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See style
In cryptostomes, a type of stylet with a core which is a well-defined smooth rod of non-laminated calcite. Sheath lamellae usually strongly directed toward colony surface, sheath lamellar bundle wide. Transitional to paurostyle, but usually larger. (Blake 1983)
acleithral ooecium
An ooecium which is not closed by the operculum of the maternal zooid. (After Hayward & Ryland, 1979)
A colony form of erect bilaminar branches, as in Adeonellopsis (not normal in Adeona).
Figures: Adeonellopsis
Encrusting, closely cemented to the substrate (Pitt & Taylor, 1991).
adventitious avicularium
An avicularium derived from one or more marginal frontal septular pores and positioned on the surface of a zooid (See interzooidal avicularium)
In cryptostomes, a type of stylet with a core formed by a broad band of arched lamellae that are medially arched toward colony surface, laterally deflected to form spines. Contains scattered non-laminated granules, and rarely a continuous non-laminated rod in the core. (Blake 1983)
Apparent interzooidal spaces between the autozooecia in rectangulate cyclostomes which are enclosed by interior wall calcification (Pitt & Taylor, 1991). Figure: Disporella.
ancestrula, ancestrular zooid
The initial zooid of the colony, formed by metamorphosis of a larva, or by a binary complex of a feeding zooid and a rhizoid. In some groups, the ancestrular zooids may be twinned, triple, or even a group of six. Figure: Helixotionella.
The thickened edge of the intercalary cuticle where it is perforated by a lateral septular pore. (Banta 1969)
Part of the orifice distal to the condyles in ascophoran Cheilostomata. (Hayward & Ryland, 1979) (Cf poster ). The distinction of the anter as referring the distal part of the operculum is no longer used.
apertural bar
Fused pair of costae immediately proximal to the orifice in cribrimorph cheilostomes. (Hayward & Ryland, 1979)
Figures: Corbulipora,
In stenolaemates, terminal skeletal opening of the autozooid. (Boardman & Cheetham, 1983)
In ascophorans, an opening in the frontal wall not necessarily coterminous with the orifice. (Hayward & Ryland, 1979) (used rarely)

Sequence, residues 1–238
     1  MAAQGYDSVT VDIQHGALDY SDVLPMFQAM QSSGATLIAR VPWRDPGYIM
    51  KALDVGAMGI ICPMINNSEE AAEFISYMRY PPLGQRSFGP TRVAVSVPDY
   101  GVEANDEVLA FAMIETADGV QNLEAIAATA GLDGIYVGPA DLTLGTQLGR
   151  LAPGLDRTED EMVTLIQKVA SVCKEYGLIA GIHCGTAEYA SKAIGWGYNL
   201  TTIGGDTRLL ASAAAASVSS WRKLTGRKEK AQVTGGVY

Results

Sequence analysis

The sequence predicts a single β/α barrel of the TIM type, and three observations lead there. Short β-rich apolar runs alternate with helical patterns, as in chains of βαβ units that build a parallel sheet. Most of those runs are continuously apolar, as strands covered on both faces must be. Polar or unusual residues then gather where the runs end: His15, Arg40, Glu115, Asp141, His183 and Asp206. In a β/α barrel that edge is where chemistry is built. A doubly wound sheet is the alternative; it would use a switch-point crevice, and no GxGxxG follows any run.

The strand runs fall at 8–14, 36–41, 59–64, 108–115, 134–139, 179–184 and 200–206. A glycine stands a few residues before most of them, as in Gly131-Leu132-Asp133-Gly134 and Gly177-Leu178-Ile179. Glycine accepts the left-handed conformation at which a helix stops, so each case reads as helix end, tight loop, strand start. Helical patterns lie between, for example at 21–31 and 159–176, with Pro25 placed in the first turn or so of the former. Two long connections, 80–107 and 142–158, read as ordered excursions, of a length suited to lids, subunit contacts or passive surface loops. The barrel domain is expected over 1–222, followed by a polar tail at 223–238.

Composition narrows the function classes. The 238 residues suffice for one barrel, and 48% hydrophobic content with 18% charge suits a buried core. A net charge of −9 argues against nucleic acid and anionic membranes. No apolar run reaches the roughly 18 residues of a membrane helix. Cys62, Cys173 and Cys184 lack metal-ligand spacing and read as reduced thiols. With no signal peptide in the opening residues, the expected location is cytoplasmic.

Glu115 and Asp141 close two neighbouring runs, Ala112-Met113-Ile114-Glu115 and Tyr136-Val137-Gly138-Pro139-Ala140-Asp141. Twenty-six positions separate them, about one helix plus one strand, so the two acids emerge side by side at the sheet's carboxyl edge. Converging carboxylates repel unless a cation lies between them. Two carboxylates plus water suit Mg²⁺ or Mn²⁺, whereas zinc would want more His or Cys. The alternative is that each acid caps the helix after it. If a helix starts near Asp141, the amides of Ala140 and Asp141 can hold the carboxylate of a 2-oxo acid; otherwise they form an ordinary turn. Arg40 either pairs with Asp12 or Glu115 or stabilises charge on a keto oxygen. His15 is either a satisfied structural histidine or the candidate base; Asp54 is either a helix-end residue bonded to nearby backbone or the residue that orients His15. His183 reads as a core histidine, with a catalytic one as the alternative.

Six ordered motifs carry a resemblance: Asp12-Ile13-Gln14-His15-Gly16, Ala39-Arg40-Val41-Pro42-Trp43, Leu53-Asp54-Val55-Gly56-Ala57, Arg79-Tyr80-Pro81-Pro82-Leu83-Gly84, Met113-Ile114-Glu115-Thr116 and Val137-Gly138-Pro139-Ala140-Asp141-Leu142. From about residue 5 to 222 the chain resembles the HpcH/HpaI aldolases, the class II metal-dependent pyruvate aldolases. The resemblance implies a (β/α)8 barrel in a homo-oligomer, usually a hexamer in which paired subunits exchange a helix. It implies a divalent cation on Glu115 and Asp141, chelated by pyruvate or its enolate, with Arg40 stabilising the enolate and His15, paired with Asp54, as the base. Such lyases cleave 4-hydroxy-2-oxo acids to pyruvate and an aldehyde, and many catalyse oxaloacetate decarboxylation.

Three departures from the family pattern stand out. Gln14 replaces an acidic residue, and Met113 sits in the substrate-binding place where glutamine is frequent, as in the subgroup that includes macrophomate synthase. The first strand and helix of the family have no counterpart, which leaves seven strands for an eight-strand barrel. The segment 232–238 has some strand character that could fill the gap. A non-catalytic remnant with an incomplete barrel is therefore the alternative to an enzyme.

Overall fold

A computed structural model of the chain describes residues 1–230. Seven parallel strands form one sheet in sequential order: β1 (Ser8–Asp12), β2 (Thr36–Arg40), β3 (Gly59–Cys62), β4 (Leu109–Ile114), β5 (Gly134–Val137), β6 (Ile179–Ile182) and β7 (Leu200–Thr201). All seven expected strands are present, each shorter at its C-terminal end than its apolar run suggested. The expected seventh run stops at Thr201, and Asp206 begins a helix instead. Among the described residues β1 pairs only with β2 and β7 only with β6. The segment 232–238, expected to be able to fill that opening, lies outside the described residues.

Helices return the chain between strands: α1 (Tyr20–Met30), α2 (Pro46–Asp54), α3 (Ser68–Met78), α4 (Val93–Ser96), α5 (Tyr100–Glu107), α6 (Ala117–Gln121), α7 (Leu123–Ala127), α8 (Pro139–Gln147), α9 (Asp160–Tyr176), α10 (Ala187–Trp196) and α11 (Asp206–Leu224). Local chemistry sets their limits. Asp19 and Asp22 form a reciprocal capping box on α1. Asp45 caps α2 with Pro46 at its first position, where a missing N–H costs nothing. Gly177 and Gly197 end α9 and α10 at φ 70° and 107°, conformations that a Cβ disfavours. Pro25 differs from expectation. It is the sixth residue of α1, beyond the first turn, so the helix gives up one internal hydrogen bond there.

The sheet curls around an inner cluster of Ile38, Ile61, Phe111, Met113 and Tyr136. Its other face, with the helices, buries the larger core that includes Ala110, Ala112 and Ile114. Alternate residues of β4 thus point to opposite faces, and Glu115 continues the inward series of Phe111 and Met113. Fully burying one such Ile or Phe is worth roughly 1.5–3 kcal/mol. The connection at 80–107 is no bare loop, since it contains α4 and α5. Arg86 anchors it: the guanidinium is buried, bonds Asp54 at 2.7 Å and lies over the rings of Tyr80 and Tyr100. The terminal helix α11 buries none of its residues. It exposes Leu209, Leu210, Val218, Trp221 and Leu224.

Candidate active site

Space occupied by the frontal membrane, in life, in the anascan cheilostomes. (Hayward & Ryland, 1979). Compare opesia.
In ascophoran cheilostomatates, a marginal opening in the frontal calcification leading to an areolar pore.
areolar pore
Marginal pore in the frontal wall of some Cheilostomata (Hayward & Ryland, 1979). This is a communication pore between the coelomic tissue on the basal side of the calcified wall (perigastric coelom) and the hypostegal coelomic tissue on the frontal side of the wall. Often called a marginal septular pore (or septula/um).
Figures: Pleurocodonellina, Parkermavella, Bulbipora,
Cheilostomate in which autozooids have hydrostatic system including ascus beneath continuous protective frontal shield developed as cryptocyst, gymnocyst, or umbonuloid shield (Boardman & Cheetham, 1983).
Median frontal pore which serves as the inlet to the ascus in some ascophoran Cheilostomata (Hayward & Ryland, 1979). An ascopore is prximal to the operculum. Compare spiramen.
Figures: Calloporina, Calwellia,
Exterior-walled, flexible-floored sac beneath frontal shield of autozooid in ascophoran cheilostomes; encloses water-filled chamber opening at or near orifice to function in hydrostatic system; derived by infolding of part of frontal wall beneath gymnocyst or cryptocyst, or by overarching of frontal wall by umbonuloid shield and associated structures (Boardman & Cheetham, 1983). (Syn. compensation space)
astogenetic change
The progressive elaboration of zooidal morphology from the ancestrula through the first few generations of autozooids budded from it (Hayward & Ryland, 1979).
Course of development of sequence of asexual generations of zooids and any extrazooidal parts which together form colony (Boardman & Cheetham, 1983).
The process of colony growth by budding, from the initial settlement of the larva.
atrial sphincter
In ctenostomes; muscle sealing the proximal end of the atrium immediately below the collar, in a retracted zooid (Hayward, 1985). In stenolaemates, the muscle marks the lower limit of the vestibule and the upper limit of the atrium.
In ctenostomes; space between the tips of the tentacles and the orifice, in a retracted zooid (Hayward, 1985).
In stenolaemates, space between tips of the tentacles (when withdrawn) and the orifice of the autozooid, sealed distally and proximally by sphincter muscles (Hayward & Ryland, 1985; but see Boardman, 1998).
The skeleton of an autozooid (Pitt & Taylor, 1991).
Feeding zooid in Bryozoa (Hayward & Ryland, 1979).
(a) Zooid having at some stages of ontogeny protrusible lophophore, with or without feeding ability (Boardman & Cheetham, 1983).
(b) Usual, common zooid containing feeding organs in colony; capable of carrying out all life functions in monomorphic colony (Boardman & Cheetham, 1983).
Specialised zooid in the Cheilostomata with reduced polypide but strong muscles which operate a modified operculum (mandible). (after Ryland & Hayward, 1977)
Some types of avicularia include adventitious, interzooidal, pedunculate, vicarious.
Figures: Hiantopora, Smittina, Porina, Celleporaria, Opaeophora,


bar, pivotal bar
Calcified hinge for the articulation of the avicularian mandible.
Underside of an encrusting or freely growing colony (Ryland & Hayward, 1977). The basal wall of a zooid is opposite to the frontal wall.
bifurcation type
In "cellularine" cheilostomes (mainly bugulids and candids), a number of different arrangements leading to a branch bifurcation were described by Harmer (1923). These notes are available: Harmer, S.F., 1923. - On Cellularine and other Polyzoa. Extracted notes on bifurcation types.
In catenicellid cheilostomes, an internode consisting of two autozooids (Harmer, 1957).
brood chamber